Before you can start building your brand’s experience for customers, you need to take some fundamental first steps to define the kind of brand you want to be. At first glance, defining your brand may seem easy, but it takes some soul searching, decision making and data gathering.

To create a personal brand, you need to determine the following:

  • What we stand for?
  • What is our promise to our customer?
  • What do we offer that’s different/unique from others in this market?
  • What types of products and services do our customers expect?
  • Who is our customer?
  • What do we communicate?
  • How do we communicate?
  • What is your budget?


When defining your brand, put as much clarity as possible into how the brand and business is described, so that you can build a specific brand experience to match it. Here are three key steps to help you get there:

Make an inventory of your skills. List out what you are especially good at and what you want your customers to think of when your brand comes to mind.


What are your customers’ needs? From your list of skills, identify those that your customers particularly need. You should define your brand based on your ability to fulfill such demands.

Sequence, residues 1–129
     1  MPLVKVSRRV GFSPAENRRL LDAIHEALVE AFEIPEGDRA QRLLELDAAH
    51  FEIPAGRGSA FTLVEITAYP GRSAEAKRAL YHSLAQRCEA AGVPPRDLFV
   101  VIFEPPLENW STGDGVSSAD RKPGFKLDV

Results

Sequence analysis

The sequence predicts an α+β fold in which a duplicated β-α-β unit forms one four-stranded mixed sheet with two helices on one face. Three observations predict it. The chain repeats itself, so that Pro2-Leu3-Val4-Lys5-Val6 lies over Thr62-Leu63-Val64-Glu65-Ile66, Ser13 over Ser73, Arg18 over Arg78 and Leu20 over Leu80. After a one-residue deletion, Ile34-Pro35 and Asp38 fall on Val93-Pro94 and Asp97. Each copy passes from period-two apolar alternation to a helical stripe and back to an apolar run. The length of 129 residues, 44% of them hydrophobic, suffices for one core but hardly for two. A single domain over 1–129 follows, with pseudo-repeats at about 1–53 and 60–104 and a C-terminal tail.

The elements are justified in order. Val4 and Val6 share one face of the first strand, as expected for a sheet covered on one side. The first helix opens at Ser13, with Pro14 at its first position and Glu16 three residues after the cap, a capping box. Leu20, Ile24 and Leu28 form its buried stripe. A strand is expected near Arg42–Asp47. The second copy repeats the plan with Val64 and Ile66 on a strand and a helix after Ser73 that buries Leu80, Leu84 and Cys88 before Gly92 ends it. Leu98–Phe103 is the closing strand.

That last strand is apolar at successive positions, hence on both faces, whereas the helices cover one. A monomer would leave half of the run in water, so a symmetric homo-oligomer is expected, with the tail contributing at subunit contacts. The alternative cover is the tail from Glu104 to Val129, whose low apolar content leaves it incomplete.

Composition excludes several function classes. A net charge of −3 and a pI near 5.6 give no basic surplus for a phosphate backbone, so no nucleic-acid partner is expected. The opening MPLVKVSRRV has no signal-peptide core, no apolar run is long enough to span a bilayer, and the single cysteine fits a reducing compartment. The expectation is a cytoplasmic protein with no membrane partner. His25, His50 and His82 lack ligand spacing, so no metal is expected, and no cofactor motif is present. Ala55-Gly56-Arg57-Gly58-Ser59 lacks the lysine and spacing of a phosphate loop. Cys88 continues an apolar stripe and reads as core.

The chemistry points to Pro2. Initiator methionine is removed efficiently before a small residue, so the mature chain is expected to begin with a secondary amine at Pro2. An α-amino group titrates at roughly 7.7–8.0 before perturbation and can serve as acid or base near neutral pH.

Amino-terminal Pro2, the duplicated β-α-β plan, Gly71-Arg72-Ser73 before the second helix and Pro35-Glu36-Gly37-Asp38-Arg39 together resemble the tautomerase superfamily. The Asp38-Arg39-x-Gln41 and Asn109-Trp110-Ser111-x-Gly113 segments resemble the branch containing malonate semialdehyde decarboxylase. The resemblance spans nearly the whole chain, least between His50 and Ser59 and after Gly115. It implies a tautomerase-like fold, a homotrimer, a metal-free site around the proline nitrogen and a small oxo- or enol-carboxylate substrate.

Focus on what differentiates. It’s important for your brand to be different than other similar options available to customers. Your goal is to be different and better than your competition.


Take, for example, someone going into business as a lawyer. It’s pretty easy to define that brand — a person who practices law, right? But to build a brand around his practice, a lawyer needs to determine specifically what kind of law he focuses on and what kind of client he is targeting before any marketing can begin. That means thinking through what regions of the world, categories of law, style of service and other offerings he brings to the table.


A well-defined lawyer wouldn’t just say he “practices law.” He would be much more definitive and specific about his focus if he wants customers to see his business as a brand. So instead of calling himself a “practicing lawyer,” he may define his brand as a “compassionate attorney specializing in family law in the state of California, servicing women who need help getting through the tough times in their lives.”


Notice the clarity in the brand definition?
While it’s important to be as specific as possible, you also want to be careful not to box your business in with a tightly constrained brand definition. The trick is to balance specificity, focus and differentiation with the ability to expand.


Read more about marketing and branding your small business here